Spambots these days seem to be stumblers rather than runners. And not very numerous, either - as if this is the very early (or very late) stage* of the infestation. Only a few feeble, slow and dim-witted ghouls have been battering at my door with their improbable advertisements.
And the Blogger filters seem to be well on top of them. Since I removed the word-verification defence last week, the feared tsunami of spamming has not materialised; it's scarcely even been a tidal bore, in fact. Just five or six lame attempts per day, all of them reliably ending up in the Spam Bin. And the number of these attempts seems to be dwindling already, down to a couple a day over the last few days.
It's almost disappointing - and, indeed, somewhat of a reproof, I suppose, that even these automated marketing tools recognise the limited advertising potential of my blogs.
* It occurs to me that I might here attempt to recreate the brief popularity of this post from two-and-a-half years ago on the population dynamics of vampirism. The great - usually unaddressed - question that undermines the credibility of most stories in the zombie genre is how long do zombies 'live'?
In most representations, they are still subject to decomposition. And their compromised intellect usually renders them almost entirely heedless of their physical safety: they are not only woefully inept in defending themselves against any human survivors, but prone to inflicting grotesque injuries on themselves by accident. It wouldn't be long before such creatures rendered themselves completely dysfunctional - even if undead 'life' still somehow persisted in the crippled remnants of their bodies.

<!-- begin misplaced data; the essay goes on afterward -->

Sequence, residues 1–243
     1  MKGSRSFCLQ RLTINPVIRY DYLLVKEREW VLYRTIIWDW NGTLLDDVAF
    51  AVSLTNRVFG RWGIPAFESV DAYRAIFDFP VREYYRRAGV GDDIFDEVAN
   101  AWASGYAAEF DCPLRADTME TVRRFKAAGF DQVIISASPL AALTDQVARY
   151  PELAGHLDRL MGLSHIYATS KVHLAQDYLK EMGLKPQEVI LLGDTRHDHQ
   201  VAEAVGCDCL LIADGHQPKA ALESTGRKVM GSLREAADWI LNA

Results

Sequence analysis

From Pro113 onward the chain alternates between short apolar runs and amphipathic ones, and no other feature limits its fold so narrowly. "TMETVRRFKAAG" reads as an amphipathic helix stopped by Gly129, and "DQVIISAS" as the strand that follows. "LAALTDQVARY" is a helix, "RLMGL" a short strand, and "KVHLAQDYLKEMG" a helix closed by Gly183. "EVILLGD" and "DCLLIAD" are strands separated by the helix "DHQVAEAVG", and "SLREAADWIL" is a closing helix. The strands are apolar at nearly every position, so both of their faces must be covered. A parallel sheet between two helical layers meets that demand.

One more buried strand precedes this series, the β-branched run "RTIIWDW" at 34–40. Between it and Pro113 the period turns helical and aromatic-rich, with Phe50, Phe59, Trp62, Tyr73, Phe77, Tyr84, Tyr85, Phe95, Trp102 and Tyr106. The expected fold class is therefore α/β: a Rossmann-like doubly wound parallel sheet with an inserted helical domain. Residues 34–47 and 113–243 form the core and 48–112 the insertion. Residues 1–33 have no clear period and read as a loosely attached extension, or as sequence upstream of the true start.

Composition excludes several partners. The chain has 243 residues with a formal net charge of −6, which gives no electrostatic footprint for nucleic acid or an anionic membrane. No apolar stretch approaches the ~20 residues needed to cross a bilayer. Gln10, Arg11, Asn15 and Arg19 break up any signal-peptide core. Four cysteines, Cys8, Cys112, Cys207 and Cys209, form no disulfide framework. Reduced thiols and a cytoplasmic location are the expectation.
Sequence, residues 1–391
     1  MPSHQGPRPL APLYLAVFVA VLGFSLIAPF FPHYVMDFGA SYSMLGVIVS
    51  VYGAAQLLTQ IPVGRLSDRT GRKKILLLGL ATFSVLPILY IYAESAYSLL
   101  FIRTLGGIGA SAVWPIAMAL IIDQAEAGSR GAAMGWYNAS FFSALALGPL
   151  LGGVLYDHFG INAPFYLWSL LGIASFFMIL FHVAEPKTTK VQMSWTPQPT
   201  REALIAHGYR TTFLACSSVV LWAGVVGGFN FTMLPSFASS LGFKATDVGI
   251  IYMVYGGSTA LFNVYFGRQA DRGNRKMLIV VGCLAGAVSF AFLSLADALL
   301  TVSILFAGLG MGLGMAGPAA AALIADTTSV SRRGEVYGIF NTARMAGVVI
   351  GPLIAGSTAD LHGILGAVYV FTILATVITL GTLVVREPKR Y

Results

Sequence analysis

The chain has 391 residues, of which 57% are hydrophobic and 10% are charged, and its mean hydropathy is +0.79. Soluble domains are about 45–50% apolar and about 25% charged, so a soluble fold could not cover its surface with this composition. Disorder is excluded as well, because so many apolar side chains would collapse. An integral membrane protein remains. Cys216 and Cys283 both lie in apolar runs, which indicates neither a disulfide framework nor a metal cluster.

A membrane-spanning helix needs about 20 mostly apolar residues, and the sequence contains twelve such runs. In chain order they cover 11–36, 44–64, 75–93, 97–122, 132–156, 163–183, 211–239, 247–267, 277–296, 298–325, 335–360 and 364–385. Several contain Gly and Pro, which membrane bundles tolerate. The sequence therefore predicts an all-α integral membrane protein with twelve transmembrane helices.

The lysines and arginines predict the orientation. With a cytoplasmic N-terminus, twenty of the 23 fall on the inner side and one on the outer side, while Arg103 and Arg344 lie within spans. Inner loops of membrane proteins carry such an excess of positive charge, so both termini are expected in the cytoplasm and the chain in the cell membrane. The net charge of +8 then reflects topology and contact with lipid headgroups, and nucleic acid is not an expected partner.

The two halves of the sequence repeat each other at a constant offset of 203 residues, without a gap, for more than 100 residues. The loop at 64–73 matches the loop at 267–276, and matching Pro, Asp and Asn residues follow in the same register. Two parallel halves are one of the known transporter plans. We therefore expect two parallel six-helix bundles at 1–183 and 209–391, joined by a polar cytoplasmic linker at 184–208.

And then, of course, there's the issue of what they would eat. Usually, they seem very hung up on only eating live flesh - live human flesh, and, in most cases, even more specifically live human BRAINS. Could they actually get by quite happily on canned goods, once the stock of live humans starts to run low? Can they eat animals? Or vegetables? Or would they just have to start cannibalizing each other?
28 Days Later is about the only film I can think of that makes even a passing attempt to assess the longevity of its zombies. And that, of course, is a special case, since the 'zombies' here are still live humans - infected with a virus that reduces them to homicidal berserkers. I believe the conclusion was that the hyperactivity induced by the 'Rage' virus would burn out a zombie - kill it with exhaustion or heart strain - within a few weeks.
For the more conventional 'walking dead' zombie, these days we seem to be assuming some kind of super-virus - or nanobot - that can miraculously reanimate (recently) dead tissue, and sometimes also has considerable powers to regenerate damaged tissue; these wondrous animating agents may even have some unexplained capacity to generate energy from a source other than food. But however formidable their powers of regeneration are, and however limited their need for food, zombies in general still seem to be quite fragile creatures - they get damaged too easily, they will wear out.
The typical end-game of the 'zombie apocalypse' scenario is that the whole world turns zombie, that the handful of human survivors must inevitably be overwhelmed eventually. My suggestion would be that the zombies would quite quickly 'die out' - exhaust themselves, destroy themselves, decay, run out of food. And so - unless the viruses/nanobots/whatever that caused the outbreak can survive and propagate when their hosts are no longer active - any remaining humans will have a good chance of survival... albeit in a ruined and depopulated world.